In the last post, I introduced a command button for use in Media Center add-ons. In doing so, I demonstrated the idea of input focus, Command objects and rules to dictate behaviour and data-binding. All of these concepts are transferrable to this instalment’s topic:

A List Control (with Selected Item Tracking)

A simple way of visualising a data source, for the purpose of performing some action on one of its items, is to display the items as a series of buttons. The advantage of using buttons is that they already provide a mechanism for selection (i.e. mouse/keyboard focus) and action (i.e. clicking and invoking a command). With this in mind, the basic goals for a list control are:

  • Dynamically create a button for each item in the list (using the list item to provide text for the button) – for this, we will use a <Repeater> element
  • Arrange the buttons using some logical layout – i’ll introduce the <GridLayout> for this
  • Keep track of which list item is selected – in this regard, it is useful to know both the item and its index in the list. These require a holding mechanism which we will define in code.
  • Regardless of which item is selected, invoke only a single command in response to an action on the list – this will utilise <InvokeCommand>.



public class ListSelection : ModelItem {

    private int _index;
    private object _item;

    public int Index {
        get {
            return _index;
        set {
            _index = value;

    public object Item {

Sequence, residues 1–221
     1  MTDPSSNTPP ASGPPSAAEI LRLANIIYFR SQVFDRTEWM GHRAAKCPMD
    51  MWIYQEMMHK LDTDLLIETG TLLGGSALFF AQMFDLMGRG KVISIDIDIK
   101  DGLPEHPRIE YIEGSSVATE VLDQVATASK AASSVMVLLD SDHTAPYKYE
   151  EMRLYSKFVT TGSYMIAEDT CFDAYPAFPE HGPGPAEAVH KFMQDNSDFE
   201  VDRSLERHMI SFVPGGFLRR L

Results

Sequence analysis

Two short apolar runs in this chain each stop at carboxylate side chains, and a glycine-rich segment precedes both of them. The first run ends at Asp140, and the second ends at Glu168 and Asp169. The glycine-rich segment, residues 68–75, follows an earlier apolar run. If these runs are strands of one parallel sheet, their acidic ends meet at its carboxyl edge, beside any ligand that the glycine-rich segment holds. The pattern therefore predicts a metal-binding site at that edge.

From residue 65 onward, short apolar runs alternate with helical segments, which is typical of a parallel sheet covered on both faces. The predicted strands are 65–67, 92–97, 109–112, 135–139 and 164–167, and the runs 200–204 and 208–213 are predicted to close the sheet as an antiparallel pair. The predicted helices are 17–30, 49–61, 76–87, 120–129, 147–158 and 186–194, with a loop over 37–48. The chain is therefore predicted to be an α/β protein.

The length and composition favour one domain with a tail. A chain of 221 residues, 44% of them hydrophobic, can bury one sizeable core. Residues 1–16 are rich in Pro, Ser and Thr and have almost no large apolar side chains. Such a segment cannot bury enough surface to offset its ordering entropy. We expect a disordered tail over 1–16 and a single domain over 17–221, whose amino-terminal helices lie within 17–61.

get {
            return _item;
        set {
            _item = value;




<UI Name="ListTest">
    <ArrayListDataSet Name="[Items]">
        <cor:String String="First item" />
        <cor:String String="Second item" />
    <Command Name="ListItemCommand" />
    <me:List Name="List" Model="[Items]" Command="[ListItemCommand]" />

In the above example, the data source is declared inline in MCML markup; normally, the source would be external, perhaps passed to the UI as a property. The ArrayListDataSet class is simply a collection that implements the Media Center SDK interface IPropertyObject, which provides change detection. It is often desirable to bind an IList or IList<T> first to an ArrayListDataSet and then to a UI element, so that changes to the collection are reflected automatically in the UI.

The command declared in the <Locals> section above is not being used for anything; it is merely provided to demonstrate how to associate a command with the list control.

In the <Rules> section of the UI, we could bind to List.SelectedIndex or List.SelectedItem in order to determine which list item was selected. In practice, these properties would be examined when handling the invocation of the list’s command.


ListSelection class

In order to track the item which is selected in the list, we need to pass an object to the list item which it can update when it receives focus (it’s not like WinForms where we can just handle an event on the child from within the parent). This item has to be passed by reference, not by value, otherwise changes will not be reflected – so we can’t just use cor:Int32. Additionally, we want to support change notifications – this way, we can use the selection in binding expressions – the best way to achieve this under the Media Center SDK is to extend the ModelItem class and call its FirePropertyChanged() method whenever the item or index are set.

Note that you can simply implement the IPropertyObject interface if you do not want to extend from ModelItem, however only the latter provides a cross-thread compatible mechanism for raising change notifications. Since my network browsing add-on will use worker threads (and raise events on these), this is essential.

List – Properties

The list needs a data source of some sort which implements System.Collections.IList – the data-binding mechanisms in the Media Center SDK do not seem to play nicely with generics (with that said, List<T> implements IList anyway, so that is an acceptable data source).